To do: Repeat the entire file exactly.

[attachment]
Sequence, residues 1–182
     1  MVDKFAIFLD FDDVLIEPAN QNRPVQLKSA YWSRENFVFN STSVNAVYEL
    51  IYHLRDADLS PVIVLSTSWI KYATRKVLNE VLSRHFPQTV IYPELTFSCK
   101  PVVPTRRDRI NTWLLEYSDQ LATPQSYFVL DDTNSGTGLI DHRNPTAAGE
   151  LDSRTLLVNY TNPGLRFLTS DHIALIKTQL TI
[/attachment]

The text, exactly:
Sequence, residues 1–182
     1  MVDKFAIFLD FDDVLIEPAN QNRPVQLKSA YWSRENFVFN STSVNAVYEL
    51  IYHLRDADLS PVIVLSTSWI KYATRKVLNE VLSRHFPQTV IYPELTFSCK
   101  PVVPTRRDRI NTWLLEYSDQ LATPQSYFVL DDTNSGTGLI DHRNPTAAGE
   151  LDSRTLLVNY TNPGLRFLTS DHIALIKTQL TI